Most of us are always looking for ways to be more creative. Creativity is the basis of innovation, doing new things, breaking ground, and going places you've never been. There's plenty of advice available, but it comes with the presumption that we have a clear view of creativity.

According to researchers, that isn't the case. We misunderstand creativity, what it means, where it is used, and who can be creative. Here are some of the biggest mistakes we make in thinking about the subject.

Creativity is one thing

If there was any misconception of creativity, this has to be the biggest. The topic has a major cultural bias. According to Dr. Kyung Hee Kim, author of the upcoming book The Creativity Challenge: How We Can Recapture American Innovation, people in western countries tend to associate creativity with the arts, while in Asia, the tendency is to think of science and engineering. But creativity has no bounds. It can touch on any subject or undertaking and its use can greatly improve what you are doing. The problem with cultural bias is that you can dismiss your own efforts because they're not in the "right" area.

Either you have it or you don't

You often hear people talk about creative types -- that particular cadre of individuals who are naturally creative. But creativity isn't binary, where either you have it or you don't. Neuroscience says that creativity is a function of the cerebral cortex, which means that virtually everyone has the innate ability to be creative. Not everyone will necessarily have the same degree of ability, but the good news is that you can improve yours.

Creativity means creating something completely new

New art, new science, new ... whatever. The concept of creativity often brings an image of the breakthrough moment that results in something the world has never seen before. Only, that's not how it works. Even when someone creates something that appears to be new, the creator has been influenced by many things, whether incorporating them or reacting to them. Cubism, for example, was one of the many times in the visual arts where artists deliberately tried to break with entrenched practices and attitudes, and even then Pablo Picasso and Georges Braque were influenced by other specific work. Furthermore, there are two types of creativity: innovative and adaptive. Innovative creativity means trying to do something differently. Adaptive means trying to do it better. Both are valuable.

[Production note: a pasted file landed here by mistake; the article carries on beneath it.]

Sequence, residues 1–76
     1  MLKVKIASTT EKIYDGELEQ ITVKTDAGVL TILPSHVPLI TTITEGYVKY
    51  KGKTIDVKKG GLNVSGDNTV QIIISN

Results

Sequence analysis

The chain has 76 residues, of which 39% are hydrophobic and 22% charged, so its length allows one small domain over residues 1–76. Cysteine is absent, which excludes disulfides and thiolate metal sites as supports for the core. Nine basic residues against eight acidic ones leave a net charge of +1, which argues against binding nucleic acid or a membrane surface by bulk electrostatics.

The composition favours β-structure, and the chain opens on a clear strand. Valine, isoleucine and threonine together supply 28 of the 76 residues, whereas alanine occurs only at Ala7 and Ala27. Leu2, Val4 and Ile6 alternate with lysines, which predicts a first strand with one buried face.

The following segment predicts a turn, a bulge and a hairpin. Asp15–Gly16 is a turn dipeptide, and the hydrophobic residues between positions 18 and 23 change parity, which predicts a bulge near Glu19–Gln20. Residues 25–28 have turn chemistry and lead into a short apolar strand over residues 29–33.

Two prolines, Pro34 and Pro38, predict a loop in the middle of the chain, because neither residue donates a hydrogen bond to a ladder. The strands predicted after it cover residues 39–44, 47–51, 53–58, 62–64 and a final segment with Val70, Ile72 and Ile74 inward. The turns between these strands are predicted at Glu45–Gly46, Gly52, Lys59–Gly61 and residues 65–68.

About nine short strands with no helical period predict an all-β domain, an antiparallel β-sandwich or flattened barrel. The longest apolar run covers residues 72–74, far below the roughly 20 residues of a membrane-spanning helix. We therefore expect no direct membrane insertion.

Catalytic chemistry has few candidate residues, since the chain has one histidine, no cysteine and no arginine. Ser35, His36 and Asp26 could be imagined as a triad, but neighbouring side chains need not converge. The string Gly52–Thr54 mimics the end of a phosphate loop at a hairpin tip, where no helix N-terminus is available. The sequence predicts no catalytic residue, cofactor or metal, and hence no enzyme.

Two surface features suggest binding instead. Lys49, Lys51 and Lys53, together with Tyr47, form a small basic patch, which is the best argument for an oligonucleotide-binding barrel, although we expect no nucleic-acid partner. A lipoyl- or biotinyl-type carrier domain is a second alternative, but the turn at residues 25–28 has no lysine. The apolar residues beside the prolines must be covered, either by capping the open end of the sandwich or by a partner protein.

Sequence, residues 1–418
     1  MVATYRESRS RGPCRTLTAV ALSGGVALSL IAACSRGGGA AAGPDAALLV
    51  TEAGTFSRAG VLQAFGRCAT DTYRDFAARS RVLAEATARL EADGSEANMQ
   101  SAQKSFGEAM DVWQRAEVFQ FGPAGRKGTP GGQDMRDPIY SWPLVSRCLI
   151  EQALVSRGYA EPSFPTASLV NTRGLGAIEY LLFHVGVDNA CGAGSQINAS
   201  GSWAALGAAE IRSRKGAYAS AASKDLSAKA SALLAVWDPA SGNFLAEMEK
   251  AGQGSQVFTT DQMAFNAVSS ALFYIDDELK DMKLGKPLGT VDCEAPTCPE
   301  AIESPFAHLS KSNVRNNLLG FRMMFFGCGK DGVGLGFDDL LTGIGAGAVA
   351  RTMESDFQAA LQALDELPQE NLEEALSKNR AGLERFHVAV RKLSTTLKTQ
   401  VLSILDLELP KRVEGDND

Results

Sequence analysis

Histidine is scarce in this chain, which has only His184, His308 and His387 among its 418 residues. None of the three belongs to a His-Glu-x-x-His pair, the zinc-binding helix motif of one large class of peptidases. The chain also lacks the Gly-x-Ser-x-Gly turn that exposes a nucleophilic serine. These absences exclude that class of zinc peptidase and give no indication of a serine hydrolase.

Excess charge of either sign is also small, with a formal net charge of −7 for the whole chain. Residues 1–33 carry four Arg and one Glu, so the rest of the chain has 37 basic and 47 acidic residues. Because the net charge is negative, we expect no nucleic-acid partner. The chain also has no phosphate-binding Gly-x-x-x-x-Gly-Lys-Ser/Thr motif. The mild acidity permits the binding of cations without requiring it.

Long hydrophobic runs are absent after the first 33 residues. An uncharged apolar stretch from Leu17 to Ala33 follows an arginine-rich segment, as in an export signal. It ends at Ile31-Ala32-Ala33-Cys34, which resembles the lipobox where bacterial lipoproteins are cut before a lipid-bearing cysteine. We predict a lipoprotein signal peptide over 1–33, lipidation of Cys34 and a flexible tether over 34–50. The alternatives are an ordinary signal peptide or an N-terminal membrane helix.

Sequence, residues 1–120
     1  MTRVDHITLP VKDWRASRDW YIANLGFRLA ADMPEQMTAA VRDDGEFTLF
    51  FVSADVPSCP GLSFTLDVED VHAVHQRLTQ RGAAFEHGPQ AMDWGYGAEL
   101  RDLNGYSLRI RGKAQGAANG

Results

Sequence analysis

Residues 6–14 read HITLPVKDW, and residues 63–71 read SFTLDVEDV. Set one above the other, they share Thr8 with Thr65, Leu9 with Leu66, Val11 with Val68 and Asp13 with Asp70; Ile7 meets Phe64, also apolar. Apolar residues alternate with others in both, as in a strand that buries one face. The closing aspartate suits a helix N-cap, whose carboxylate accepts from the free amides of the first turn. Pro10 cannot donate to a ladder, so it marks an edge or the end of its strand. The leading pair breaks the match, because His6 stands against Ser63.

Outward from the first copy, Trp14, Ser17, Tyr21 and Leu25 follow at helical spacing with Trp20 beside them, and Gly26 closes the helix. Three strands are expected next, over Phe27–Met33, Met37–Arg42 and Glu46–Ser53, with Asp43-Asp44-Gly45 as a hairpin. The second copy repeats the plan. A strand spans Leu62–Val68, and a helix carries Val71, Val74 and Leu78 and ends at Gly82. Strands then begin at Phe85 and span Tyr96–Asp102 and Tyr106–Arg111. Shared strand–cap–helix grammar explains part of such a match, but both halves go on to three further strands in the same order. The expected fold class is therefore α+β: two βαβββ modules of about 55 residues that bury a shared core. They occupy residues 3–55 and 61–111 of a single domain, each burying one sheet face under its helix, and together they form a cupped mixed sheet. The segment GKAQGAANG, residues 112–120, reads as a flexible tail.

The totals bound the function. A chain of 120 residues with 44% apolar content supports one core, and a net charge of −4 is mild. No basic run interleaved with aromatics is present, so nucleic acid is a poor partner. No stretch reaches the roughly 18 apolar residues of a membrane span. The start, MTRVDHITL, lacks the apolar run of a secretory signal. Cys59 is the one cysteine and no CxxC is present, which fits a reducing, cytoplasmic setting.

Different isn't necessarily creative

Researchers like Dr. R. Keith Sawyer of the University of North Carolina in Chapel Hill say that creativity isn't simply doing something that others haven't. Wearing that polka-dot bowling shirt with checked trousers may make you stand out, but not as creative. Science says that the created thing has to be useful or appropriate or relevant to some group of people. In other words, if no one gives a fig about what you've done, it's not creativity. But you have to be careful about where to draw the line. In his lifetime, Vincent van Gogh sold perhaps two of his 900 paintings. What changed was the appreciation of society. It may be that today's creativity won't be appreciated until later.

Creativity happens early in careers

We all know the image of the burning young genius who comes up with breakthroughs in some field. But according to research, that image is a major myth. Creativity depends on getting experience and knowledge into long-term memory, and that takes time -- ten years or more to master a particular field. Statistical analysis has shown that breakthroughs correlated with intensive periods of work after mastery. Yes, there have been Mozarts in the world, but most creativity comes from regular people. Call it the "overnight success after 20 years" effect.

You need a top IQ to be really creative

If you take being creative as influencing society, Psychologist Dr. Dean Keith Simonton's research over the years should be of interest. He has shown that while moderately high intelligence (under an I.Q. of 120) is important to becoming eminent in a field, it is less important than other factors, including motivation, personality, and development. Over an I.Q. of 120 and you run the risk of not being able to get most people to understand what you're saying. In other words, just because someone is wicked smart doesn't mean they're going to make an impression on the world.